Back in the beginning, we did a register scan and noticed two sets of registers that, by default, have values strangely similiar to the NOP encodings for the 4 execution units:
00f448: df000000 ffffffff 00000000 * 00f44c: 4f000000 ffffffff 00000000 * 00f450: bf000000 ffffffff 00000000 * 00f454: ef000000 ffffffff 00000000 *
00f510: df000000 df000000 df000000 00f514: 4f000000 4f000000 4f000000 00f518: bf000000 bf000000 bf000000 00f51c: ef000000 ef000000 ef000000
f448+ are writable, though only from MMIO side. f510 are read-only, but back in episode 3 we've seen them read out as the most recently executed instruction of the corresponding type. This strongly suggests that they represent the current state of branch unit -> execution unit opcode path.
The f448+ ones are more interesting. Being writable strongly suggests that we can use them to manually launch an instruction, without going through the trouble of setting up and executing a microcode piece. Let's try setting $r0 to 0xdead. Since f44c appears to hold the scalar path NOP, we'll try poking the opcode to that one:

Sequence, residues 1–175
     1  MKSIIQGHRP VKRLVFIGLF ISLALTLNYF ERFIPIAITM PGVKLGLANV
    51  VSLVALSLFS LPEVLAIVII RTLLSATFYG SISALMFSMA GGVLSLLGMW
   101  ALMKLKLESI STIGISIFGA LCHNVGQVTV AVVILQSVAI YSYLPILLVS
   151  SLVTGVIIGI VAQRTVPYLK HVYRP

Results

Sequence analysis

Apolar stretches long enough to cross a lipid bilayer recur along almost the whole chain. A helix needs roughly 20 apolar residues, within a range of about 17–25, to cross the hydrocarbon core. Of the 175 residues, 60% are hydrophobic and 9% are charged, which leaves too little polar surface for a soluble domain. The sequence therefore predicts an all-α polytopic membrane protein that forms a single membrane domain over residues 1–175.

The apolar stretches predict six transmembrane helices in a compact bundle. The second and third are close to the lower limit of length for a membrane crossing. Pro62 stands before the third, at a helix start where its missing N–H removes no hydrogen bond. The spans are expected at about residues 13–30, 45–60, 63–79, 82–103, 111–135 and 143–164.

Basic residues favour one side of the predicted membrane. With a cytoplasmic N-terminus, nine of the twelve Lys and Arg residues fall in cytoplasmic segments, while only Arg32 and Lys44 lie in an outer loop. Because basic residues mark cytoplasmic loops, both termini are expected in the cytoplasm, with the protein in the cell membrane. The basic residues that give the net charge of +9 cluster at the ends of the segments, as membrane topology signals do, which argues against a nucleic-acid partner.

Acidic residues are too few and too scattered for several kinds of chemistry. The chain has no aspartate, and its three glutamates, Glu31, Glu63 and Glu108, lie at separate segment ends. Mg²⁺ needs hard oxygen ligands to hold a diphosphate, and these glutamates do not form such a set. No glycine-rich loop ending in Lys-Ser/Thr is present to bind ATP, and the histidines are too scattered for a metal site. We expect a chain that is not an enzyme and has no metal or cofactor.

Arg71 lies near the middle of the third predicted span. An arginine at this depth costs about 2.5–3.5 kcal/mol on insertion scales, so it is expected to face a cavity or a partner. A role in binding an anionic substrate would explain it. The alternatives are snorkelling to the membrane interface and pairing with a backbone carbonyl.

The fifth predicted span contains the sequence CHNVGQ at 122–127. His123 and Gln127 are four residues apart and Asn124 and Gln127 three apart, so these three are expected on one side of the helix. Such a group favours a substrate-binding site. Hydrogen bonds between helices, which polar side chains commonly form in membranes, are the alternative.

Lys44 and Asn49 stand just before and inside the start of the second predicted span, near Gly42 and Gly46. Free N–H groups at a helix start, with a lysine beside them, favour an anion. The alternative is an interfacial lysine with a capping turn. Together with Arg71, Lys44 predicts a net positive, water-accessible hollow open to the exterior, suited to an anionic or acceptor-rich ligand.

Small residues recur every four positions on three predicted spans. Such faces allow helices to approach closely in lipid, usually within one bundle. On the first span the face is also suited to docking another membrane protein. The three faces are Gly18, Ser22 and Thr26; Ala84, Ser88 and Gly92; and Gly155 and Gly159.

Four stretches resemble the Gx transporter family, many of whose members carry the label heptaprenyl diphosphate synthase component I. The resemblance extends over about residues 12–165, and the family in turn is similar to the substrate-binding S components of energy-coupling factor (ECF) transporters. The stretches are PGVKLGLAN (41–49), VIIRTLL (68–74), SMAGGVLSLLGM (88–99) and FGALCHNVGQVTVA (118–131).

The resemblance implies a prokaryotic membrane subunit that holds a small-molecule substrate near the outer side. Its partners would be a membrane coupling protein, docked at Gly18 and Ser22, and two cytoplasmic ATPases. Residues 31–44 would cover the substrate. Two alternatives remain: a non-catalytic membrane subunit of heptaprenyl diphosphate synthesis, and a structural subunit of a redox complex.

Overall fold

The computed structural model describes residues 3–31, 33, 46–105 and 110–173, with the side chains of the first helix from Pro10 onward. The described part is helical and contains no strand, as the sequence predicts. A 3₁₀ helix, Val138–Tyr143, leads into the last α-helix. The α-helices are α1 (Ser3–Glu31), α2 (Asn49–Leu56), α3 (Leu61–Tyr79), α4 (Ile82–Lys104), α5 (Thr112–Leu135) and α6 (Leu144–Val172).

$ nvapoke f44c 6500dead $ nvapeek f448 10 0000f448: df000000 6500dead bf000000 ef000000 $ nvapeek f780 0000f780: 6df5e6ef
Nope, but there may be a trigger register in the f400+ range that launches the instruction. Let's see.
$ nvascan f400 200 [...] $ nvapeek f780 0000f780: 0000dead $ nvapeek f448 10 0000f448: df000000 4f000000 bf000000 ef000000
Yeah. That did it. And the opcode registers got reset to NOPs again, how convenient. After a bit of binary searching to narrow it down, we deduce that register f458 has to be written with a value that has bit 0 set to 1 to trigger the launch and clear to NOP.
So we can now launch instructions without bothering with the upload stuff. That'll be quite useful for REing the vector/scalar and maybe address instructions.
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